Indian Co. Tries To Enter U.S. Clean Diesel Market

Indian company Mahindra and Mahindra plans to sell "clean diesel" pickup trucks in the United States. It's a giant conglomerate that already sells tractors to American farmers. It could be the first company to sell Indian-made passenger vehicles in the U.S.

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DAVID GREENE, host:

And we have some more now on that Indian company that plans to sell these clean diesel pickup trucks in the U.S. The company is called Mahindra and Mahindra. It's a giant conglomerate that already sells tractors to American farmers and now it could be the first company to sell Indian-made passenger vehicles in the United States. But as Anna Cunningham reports from Mumbai, the company has picked a tough time to enter the U.S. market.

ANNA CUNNINGHAM: From cars, trucks, and tractors, to computer software and even vacations, Mahindra is one of the best known names in the Indian market. It started out more than 60 years ago at around the same time as India gained independence, and is now one of the top ten business conglomerates in the country. Today, the Mahindra group is worth $6.7 billion. But its ambitions now lie elsewhere.

Dr. PAWAN GOENKA (President, Mahindra automotive sector): We will be launching our two-door and four-door trucks in the U.S.A. starting end of this year.

CUNNINGHAM: Dr. Pawan Goenka is president of the company's automotive sector. He's confident that they have a unique selling point for the U.S., which also carries an environmental message.

Dr. GOENKA: Not only this stop with Mahindra, the brand which believes in diesel, but also to tell the U.S. consumer that diesel is something that is value for them in terms of what it does to their energy bill and also in terms of what it does for the environment.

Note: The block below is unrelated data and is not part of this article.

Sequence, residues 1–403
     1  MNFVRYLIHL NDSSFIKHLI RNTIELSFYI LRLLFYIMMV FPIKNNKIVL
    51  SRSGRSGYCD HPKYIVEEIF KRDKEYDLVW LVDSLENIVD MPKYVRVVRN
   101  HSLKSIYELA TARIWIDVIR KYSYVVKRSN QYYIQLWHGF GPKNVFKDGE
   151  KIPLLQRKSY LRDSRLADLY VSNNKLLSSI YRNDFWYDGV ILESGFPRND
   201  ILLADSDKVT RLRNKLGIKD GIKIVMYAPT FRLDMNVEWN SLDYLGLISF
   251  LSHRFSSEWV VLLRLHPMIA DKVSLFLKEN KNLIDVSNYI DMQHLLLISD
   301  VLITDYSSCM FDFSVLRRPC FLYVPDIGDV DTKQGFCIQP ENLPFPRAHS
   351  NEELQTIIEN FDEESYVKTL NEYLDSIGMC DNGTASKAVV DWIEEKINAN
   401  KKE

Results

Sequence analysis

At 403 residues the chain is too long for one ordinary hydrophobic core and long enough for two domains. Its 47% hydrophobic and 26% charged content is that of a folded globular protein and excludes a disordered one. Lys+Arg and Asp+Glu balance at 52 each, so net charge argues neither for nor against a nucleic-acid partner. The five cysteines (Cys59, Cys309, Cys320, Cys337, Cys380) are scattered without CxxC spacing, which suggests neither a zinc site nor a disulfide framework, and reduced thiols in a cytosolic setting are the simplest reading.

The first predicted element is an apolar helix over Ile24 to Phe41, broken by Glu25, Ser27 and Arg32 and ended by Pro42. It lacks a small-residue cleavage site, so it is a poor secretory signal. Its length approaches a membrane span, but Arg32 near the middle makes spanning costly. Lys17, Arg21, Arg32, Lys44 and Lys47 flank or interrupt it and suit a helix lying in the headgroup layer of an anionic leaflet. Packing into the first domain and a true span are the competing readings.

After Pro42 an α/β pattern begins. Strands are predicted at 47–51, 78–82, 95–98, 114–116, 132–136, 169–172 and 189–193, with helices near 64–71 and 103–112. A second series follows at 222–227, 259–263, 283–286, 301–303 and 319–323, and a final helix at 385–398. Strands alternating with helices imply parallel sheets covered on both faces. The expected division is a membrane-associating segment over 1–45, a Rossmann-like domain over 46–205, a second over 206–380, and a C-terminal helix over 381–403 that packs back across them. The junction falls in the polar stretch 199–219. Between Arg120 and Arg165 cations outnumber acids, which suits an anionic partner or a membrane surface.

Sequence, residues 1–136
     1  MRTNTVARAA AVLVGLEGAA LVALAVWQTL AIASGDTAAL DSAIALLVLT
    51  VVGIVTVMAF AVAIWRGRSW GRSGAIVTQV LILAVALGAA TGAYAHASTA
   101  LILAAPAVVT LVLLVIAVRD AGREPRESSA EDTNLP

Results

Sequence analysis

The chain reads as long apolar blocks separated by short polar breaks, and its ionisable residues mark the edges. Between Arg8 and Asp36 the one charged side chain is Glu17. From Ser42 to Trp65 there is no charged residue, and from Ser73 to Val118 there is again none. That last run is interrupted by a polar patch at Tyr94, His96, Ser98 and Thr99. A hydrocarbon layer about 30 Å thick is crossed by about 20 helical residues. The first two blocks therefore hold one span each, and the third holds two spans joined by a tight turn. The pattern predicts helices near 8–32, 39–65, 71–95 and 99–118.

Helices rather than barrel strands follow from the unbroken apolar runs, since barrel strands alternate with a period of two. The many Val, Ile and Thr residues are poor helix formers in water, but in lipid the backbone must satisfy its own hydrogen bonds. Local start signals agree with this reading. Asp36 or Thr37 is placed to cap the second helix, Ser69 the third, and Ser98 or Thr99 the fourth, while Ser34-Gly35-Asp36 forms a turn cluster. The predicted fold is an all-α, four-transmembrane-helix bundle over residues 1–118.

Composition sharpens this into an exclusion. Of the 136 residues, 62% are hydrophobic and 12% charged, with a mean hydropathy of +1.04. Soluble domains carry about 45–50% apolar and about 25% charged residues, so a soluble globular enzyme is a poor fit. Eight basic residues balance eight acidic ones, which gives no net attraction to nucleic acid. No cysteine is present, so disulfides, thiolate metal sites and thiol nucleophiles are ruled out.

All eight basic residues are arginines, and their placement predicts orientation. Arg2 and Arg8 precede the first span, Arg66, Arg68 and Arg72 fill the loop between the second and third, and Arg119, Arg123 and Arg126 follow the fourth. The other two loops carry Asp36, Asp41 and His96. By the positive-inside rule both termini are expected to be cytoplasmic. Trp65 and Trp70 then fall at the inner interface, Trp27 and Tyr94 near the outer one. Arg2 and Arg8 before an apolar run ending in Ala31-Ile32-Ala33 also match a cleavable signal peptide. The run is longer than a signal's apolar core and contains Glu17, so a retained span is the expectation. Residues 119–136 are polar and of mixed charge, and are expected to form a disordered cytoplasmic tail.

(Soundbite of traffic)

CUNNINGHAM: Spend just a few minutes by the roadside here in Mumbai and it's not difficult to spot the Mahindra brand, from the battered old pickup trucks to the new SUVs weaving their way through the dense traffic. But away from the choked streets of India's financial capital, it's now the right time to make a move into the U.S. market. Durias Lamb(ph) from AutoCar India Magazine doesn't think so.

Mr. DURIAS LAMB (AutoCar India Magazine): Timing is particularly bad because the U.S. market is moving away from trucks towards more fuel efficient cars.

(Soundbite of rain)

CUNNINGHAM: It's currently monsoon season here in India and the heavy rains make driving tough, and it's trucks that can operate easily in these conditions that Mahindra plans to market in the U.S., to people who want a rugged vehicle, but don't want the fancy gadgets. But some doubt that this venture can be profitable. Mahand Tesh Saberand(ph) is a senior analyst with Brokers Centrum(ph).

Mr. MAHAND TESH SABERAND (Senior Analyst): Let's understand very clearly, the exports out of India in terms of automobiles have never been profitable for any of the companies. What has been the strategy behind exporters is to make your brand presence in various markets.

CUNNINGHAM: Dr. Pawan Goenka acknowledges that their timing is difficult. But the plans have been in place for three years. Mahindra is working with the U.S. distributor called Global Vehicles, which is choosing dealers to sell the exported Indian trucks, some are in Texas, Ohio, and upstate New York. Still no word on exactly when the trucks will appear in showrooms. The company just says late this year. And the question then will be whether Americans are ready to buy a truck made in India.

For NPR News, I'm Anna Cunningham in Mumbai.

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